Chandigarh Kare Aashiqui review: Refreshingly different; Vaani Kapoor steals show, Ayushmann Khurrana scores well
Chandigarh Kare Aashiqui review: Ayushmann Khurrana and Vaani Kapoor star in Abhishek Kapoor's latest romantic comedy.
Ever since the trailer of Chandigarh Kare Aashiqui landed, there's been a lot of secrecy around the film's plot. The trailer gave us a hint but kept most of it under wraps. While we're used to seeing Ayushmann Khurrana take up films based on taboo subjects, this time, it is Vaani Kapoor, who has taken the plunge and dived deep into uncharted waters. The film doesn't lose sight of what is important and hence, little flaws here and there are easily ignored.
Directed by Abhishek Kapoor, Chandigarh Kare Aashiqui makes it clear from the first scene itself that it's going to be a loud film, for its set in Chandigarh and has lots of Punjabis in it. So, don't be amused if you're fed with some in-your-face quotes flashing on T-shirts or walls (T-shirt chhod personality dekh, it's just you against you, hardest worker in the room), or people using the most colourful language anywhere and everywhere.
Watch Chandigarh Kare Aashiqui trailer:
Manvinder Munjal aka Manu (Ayushmann) is a fitness freak, who owns a gym and is preparing hard for an annual local championship which he has been unable to crack so far. Things change when Maanvi Brar (Vaani), a zumba instructor is hired to take classes in his gym. Manu with his buff body and Maanvi with her glam looks, are instantly drawn to each other and what ensues is a romantic and passionate relationship between the two. But there's more to Maanvi than just being a gorgeous looking woman and its upon learning truth about her past that Manu is left in a state of deep confusion.
Abhishek shows immense maturity, sensitivity and restraint while dealing with the story of a trans woman, and showing it onscreen in a respectful manner. Something that our society has still not accepted, the film tries to break away from those stereotypes but not by relying on cliches. There's an out-of-the-box thought with a romantic story that has layers of passion, deceit, denial, dilemma and acceptance. I liked that Abhishek didn’t throw riddles at us to tell us about Maanvi’s truth. About 20 minutes into the film and it's clear where things are headed.
For its almost two-hour runtime, the story is fast paced and doesn't go off track. Right from the build-up to twists to climax, it sticks to its crux without bringing needless subplots. However, Abhishek could have done a lot with the story at hand in terms by showing a bit more of what actually happens in real life when people go through such biases in the society based on their gender identity. Even the climax doesn't evoke any strong emotion or make you stand up and applaud the message the film had set out to deliver.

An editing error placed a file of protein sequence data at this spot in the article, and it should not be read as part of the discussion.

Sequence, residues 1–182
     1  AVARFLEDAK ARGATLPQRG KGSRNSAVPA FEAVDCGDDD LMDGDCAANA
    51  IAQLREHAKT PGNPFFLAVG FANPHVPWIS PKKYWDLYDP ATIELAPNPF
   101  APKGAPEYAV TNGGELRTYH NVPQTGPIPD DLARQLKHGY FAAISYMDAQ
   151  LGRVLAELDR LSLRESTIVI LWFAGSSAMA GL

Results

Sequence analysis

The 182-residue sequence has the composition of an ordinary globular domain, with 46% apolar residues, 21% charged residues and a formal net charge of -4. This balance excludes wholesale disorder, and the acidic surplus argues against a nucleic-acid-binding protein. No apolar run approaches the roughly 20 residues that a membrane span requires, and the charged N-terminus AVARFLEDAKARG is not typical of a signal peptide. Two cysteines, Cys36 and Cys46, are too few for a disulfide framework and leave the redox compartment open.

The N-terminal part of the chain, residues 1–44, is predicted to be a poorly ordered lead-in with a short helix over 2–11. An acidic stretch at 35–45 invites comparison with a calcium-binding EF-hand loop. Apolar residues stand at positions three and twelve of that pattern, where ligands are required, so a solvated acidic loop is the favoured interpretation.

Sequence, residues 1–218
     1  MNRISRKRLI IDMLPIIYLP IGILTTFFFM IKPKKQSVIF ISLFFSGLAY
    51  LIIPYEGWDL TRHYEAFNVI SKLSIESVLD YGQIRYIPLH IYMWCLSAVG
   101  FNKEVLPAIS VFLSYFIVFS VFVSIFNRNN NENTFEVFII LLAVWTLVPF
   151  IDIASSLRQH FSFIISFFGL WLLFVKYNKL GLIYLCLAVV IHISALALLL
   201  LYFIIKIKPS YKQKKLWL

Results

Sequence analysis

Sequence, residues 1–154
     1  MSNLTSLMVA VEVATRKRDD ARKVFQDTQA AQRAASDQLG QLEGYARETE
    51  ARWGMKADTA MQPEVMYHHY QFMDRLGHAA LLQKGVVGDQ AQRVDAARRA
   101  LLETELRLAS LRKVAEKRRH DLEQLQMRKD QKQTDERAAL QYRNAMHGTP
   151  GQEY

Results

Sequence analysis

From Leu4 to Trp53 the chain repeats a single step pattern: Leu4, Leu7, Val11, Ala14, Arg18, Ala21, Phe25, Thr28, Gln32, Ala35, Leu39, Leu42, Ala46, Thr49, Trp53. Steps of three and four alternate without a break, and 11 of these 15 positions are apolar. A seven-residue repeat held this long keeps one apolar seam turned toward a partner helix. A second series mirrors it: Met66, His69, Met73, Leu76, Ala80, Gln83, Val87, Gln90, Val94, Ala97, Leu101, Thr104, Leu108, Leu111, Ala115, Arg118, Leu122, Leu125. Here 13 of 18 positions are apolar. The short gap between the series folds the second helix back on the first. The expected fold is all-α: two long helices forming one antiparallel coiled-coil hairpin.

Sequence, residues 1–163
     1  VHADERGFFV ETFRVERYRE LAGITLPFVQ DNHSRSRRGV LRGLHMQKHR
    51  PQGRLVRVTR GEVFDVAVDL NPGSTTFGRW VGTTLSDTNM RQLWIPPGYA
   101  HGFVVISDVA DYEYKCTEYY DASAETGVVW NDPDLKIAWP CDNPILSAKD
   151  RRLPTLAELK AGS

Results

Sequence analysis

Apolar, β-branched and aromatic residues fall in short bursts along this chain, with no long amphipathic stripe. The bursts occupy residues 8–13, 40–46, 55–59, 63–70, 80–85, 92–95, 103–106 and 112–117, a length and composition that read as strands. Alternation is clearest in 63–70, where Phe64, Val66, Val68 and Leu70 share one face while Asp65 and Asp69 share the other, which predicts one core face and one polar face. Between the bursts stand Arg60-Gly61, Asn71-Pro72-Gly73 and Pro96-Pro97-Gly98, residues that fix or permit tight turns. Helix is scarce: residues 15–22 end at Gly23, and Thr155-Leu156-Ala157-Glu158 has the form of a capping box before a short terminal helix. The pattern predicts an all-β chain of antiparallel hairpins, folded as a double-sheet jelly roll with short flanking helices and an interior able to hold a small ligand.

Ayushmann is on point with his character and he has gotten into Manu's skin a bit too deep. His physical transformation to play Manu is insane to say least. He delivers an earnest performance, just like he has in most of his earlier films, trying to break free from the taboos that exist in the society.
Vaani is truly a revelation here. Bold, brave and unapologetic about her past, she lets Maanvi come across as someone who is not trying to change the society's mindset but definitely acting as a catalyst in bringing about a change. She's beautiful and unlike her earlier films, there's more emphasis on her acting, dialogues, performance than just her outfits.
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Ayushmann and Vaani's onscreen chemistry is also attractive and the two complement each other in intimate scenes without making it awkward.
Credit here also goes to Supratik Sen and Tushar Paranjape for their easy flowing screenplay that doesn't look over-the-top. Even the dialogues from them are subtly topped with humour but don't interfere with the seriousness of the subject.
Among the supporting cast, Goutam Sharma, Gourav Sharma (as Manu’s twin friends) are the funny guys, while Manu's sisters (Tanya Abrol and Sawan Rupowali) are quite the typical nosy siblings who are after him to get married. Aanjjan Srivastav (Manu’s grandfather) and Girish Dhamija (Manu's father), Kanwaljit Singh (Maanvi's father) lend a strong support to the story.
The film has some five to six songs popping every 20 minutes, but it was pleasantly surprising that they only take the story forward. While Tumbe Te Zumba and Kheench Te Nach are your peppy party numbers, Maafi that has been sung by Ayushmann is heart breaking. The title track in the end credits makes you groove and leave the theatres with a smile on your face.
Overall, Chandigarh Kare Aashiqui, entertains you with the right intention of sending out a strong message of inclusivity.
Chandigarh Kare Aashiqui
Director: Abhishek Kapoor
Cast: Ayushmann Khurrana, Vaani Kapoor